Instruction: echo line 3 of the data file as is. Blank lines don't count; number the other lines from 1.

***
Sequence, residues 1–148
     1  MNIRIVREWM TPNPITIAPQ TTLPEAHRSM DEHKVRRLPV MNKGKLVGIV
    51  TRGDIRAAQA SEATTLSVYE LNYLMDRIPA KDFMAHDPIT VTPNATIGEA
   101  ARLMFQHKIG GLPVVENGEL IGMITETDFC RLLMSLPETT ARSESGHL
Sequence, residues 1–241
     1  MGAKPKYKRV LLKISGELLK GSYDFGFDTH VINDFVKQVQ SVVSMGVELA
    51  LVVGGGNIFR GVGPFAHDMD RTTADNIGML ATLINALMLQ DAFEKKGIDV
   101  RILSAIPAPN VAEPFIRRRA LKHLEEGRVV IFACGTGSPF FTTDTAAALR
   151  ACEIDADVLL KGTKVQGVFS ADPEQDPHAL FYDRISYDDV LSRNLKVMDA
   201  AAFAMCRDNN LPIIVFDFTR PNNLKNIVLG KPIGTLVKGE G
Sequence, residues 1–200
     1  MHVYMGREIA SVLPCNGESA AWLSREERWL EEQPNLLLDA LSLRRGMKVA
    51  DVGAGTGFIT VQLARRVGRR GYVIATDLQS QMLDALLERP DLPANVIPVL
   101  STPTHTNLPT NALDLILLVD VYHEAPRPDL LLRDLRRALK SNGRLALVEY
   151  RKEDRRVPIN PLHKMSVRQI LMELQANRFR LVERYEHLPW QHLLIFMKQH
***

    51  TRGDIRAAQA SEATTLSVYE LNYLMDRIPA KDFMAHDPIT VTPNATIGEA